The dominant narrative about internet service in the US is that big telecom companies have secured monopolies all around the country, and there's little hope unless Google Fiber comes to save your town.
This isn't an entirely wrong sentiment—Comcast, AT&T, Verizon, and others have created very favorable conditions for themselves—but it's also not the full story. In the fight for better broadband access and competition, ordinary Americans are finally winning.
More cities, towns, counties, and municipalities are building, or are considering building, their own high speed broadband networks. And many of these networks have been hugely successful, even though they've been faced with legal hurdles and public relations campaigns from incumbent providers.
"I can't explain how different it feels to me than a few years ago," Christopher Mitchell, director of the Community Broadband Networks Initiative at the Institute for Local Self Reliance, told me. "For a few years, we basically tracked every single city that was considering building its own network. Now, we're struggling to keep up—we don't even know every city that's interested in doing this."
We're also beginning to see brand new models to bring new fiber investment into previously underserved communities. Sandy, Oregon became one of the first towns to start offering fiber internet without the help of a local power utility, and Madison, Wisconsin may become one of the first cities to build its own network and lease it to other operators.
Meanwhile, there are startup internet service providers such as Ting (Charlottesville, Virginia; Holly Springs, North Carolina; Westminster, Maryland) , Brooklyn Fiber, and Allo Communications (Lincoln, Nebraska) that are fearlessly competing with incumbent providers.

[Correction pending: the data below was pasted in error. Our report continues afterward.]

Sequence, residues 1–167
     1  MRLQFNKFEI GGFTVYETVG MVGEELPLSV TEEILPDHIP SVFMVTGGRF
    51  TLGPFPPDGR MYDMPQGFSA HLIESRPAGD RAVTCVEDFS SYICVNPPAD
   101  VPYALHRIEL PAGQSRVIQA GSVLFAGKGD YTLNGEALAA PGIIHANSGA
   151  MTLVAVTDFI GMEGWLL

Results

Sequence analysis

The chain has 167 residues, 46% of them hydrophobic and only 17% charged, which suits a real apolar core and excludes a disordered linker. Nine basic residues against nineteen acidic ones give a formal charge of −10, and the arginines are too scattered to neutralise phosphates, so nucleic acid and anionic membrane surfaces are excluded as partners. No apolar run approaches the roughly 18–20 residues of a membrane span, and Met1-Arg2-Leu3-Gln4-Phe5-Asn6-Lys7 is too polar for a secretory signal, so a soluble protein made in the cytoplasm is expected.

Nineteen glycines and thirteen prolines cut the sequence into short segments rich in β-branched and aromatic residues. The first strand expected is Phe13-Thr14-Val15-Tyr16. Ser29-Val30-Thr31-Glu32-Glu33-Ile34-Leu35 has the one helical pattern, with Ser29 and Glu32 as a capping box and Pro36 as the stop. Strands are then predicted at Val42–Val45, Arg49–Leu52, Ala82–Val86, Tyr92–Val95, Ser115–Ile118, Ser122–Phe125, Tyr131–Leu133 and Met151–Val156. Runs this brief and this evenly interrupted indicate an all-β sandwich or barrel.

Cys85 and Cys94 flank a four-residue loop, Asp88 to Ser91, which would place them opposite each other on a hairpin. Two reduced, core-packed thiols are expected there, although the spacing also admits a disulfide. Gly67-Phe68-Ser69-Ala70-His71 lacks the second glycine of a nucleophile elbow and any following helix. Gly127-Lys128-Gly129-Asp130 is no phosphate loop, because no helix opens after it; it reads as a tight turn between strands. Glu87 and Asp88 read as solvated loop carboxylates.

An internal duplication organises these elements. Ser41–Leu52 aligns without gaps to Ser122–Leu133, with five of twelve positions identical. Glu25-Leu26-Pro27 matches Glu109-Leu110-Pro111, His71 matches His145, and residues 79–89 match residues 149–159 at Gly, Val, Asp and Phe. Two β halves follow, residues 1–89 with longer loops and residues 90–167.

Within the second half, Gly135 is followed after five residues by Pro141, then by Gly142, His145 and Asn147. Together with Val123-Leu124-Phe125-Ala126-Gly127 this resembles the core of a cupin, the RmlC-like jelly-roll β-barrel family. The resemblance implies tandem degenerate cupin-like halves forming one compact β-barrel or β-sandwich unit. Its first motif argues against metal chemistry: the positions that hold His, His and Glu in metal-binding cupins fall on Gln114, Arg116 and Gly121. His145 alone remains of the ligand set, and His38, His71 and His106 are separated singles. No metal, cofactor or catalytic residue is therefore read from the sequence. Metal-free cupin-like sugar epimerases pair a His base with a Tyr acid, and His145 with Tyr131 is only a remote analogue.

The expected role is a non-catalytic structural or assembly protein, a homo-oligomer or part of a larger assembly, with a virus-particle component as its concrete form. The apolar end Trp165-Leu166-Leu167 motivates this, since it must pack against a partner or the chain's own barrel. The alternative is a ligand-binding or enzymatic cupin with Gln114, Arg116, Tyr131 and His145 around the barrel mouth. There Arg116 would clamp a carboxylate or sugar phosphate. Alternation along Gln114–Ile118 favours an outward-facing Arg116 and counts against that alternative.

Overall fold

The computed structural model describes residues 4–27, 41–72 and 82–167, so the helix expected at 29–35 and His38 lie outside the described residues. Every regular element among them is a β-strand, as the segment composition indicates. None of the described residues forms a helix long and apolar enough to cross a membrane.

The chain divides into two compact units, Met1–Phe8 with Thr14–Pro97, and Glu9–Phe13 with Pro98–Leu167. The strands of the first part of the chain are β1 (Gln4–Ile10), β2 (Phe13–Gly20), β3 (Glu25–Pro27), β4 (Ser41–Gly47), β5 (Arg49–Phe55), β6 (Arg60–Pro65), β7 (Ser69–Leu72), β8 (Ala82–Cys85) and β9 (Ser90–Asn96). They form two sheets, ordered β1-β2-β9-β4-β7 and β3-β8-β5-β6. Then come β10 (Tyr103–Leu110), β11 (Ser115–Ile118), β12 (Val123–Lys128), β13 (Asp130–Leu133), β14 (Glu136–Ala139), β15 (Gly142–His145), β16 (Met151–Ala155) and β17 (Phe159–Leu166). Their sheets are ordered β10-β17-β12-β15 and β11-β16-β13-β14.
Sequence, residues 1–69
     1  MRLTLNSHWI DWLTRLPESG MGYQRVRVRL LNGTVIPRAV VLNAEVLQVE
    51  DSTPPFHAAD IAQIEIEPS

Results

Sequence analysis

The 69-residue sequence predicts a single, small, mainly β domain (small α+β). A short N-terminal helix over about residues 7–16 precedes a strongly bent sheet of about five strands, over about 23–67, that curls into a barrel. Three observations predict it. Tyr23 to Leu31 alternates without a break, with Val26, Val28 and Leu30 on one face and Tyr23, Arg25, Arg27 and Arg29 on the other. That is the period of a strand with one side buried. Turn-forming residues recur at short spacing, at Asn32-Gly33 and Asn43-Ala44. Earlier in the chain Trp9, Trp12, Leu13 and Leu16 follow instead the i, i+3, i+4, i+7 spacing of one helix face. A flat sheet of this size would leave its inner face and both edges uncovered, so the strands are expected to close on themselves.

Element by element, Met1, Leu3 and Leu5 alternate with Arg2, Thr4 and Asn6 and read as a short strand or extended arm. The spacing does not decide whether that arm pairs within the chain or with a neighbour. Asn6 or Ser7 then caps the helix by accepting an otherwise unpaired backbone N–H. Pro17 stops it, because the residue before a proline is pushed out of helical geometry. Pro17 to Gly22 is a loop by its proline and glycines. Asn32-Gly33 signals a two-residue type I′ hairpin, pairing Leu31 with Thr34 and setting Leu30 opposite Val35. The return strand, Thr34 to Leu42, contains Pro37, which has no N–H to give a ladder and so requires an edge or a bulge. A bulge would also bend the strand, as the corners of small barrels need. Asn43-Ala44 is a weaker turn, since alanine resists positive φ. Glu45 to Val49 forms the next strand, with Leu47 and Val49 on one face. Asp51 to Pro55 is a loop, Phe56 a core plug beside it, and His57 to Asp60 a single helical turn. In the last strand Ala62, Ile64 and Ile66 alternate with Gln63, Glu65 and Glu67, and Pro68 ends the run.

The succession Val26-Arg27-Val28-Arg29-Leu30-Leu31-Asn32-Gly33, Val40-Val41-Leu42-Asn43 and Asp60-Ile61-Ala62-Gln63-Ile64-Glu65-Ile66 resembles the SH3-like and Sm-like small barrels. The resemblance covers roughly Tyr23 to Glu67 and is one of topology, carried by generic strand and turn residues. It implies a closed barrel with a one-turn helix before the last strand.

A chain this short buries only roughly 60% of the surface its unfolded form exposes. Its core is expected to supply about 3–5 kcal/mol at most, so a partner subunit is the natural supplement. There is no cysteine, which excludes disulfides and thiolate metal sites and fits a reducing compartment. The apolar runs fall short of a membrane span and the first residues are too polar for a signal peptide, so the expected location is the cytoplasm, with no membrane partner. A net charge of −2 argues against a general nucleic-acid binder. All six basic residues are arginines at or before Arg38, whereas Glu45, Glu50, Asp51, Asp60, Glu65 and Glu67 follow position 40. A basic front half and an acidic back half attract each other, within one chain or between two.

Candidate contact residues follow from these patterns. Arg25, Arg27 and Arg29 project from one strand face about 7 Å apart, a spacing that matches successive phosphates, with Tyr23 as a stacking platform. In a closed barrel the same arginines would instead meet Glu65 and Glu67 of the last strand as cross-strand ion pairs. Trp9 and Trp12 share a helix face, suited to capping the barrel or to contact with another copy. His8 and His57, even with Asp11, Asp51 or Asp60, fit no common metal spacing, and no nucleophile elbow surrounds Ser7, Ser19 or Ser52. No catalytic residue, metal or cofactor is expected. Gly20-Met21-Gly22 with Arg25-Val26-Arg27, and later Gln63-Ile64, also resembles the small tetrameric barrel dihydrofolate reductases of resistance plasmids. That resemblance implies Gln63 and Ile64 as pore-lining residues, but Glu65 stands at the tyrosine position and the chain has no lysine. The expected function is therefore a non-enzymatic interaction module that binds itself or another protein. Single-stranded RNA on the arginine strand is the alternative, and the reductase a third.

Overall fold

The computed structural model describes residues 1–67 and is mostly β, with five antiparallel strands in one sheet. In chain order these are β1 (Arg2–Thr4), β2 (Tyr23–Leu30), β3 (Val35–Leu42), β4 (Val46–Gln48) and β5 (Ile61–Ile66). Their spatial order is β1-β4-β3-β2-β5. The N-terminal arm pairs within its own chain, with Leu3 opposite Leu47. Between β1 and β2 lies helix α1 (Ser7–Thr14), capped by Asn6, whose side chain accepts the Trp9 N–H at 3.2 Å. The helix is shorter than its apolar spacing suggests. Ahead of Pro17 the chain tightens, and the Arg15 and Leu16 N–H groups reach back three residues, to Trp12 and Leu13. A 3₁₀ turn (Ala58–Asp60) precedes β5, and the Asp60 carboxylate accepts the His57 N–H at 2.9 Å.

"Three years ago, it was common wisdom that it was hard to compete with Comcast and CenturyLink. I think that's less true now," Mitchell said. "If you can build a network that allows you to offer a high quality product with good customer service, you can compete with them."
Cities that are in states that have municipal broadband "barriers" have also found methods to circumvent the law. Nebraska law prevents cities from laying their own fiber, so Lincoln built a conduit system—the tubes that actually hold the fiber—and is leasing that space it to Allo Communications.
And politicians in states that have these laws are beginning to see pressure from constituents who want them overturned. The threat of a new bill that would have been favorable to big telecom in Kansas was met with widespread resistance from politicians and their constituents, and Tennessee lawmakers plan on introducing a bill that will overturn its barriers to municipal networks. Twenty-six communities in Colorado will vote Tuesday night to bypass a state law restricting municipal networks.
Finally, cities, towns, and cooperatives are learning that these networks aren't as much of a financial risk as they once were considered. Rural power co-ops have found themselves well positioned to build fiber networks into sparsely populated areas without losing money, which was deemed impossible by big telecom companies who refused to invest in places without high population density. Increasingly, these networks are being paid for with loans rather than federal government grants or taxpayer money, meaning the lenders see them as financially viable, long-term investments.
"When talking about rural areas, the co-ops already own the poles, so they can put fiber in the electric space," Mitchell said. "I think it's arguable we could bring fiber optics to the vast majority of people outside urban areas in the entire country with loans."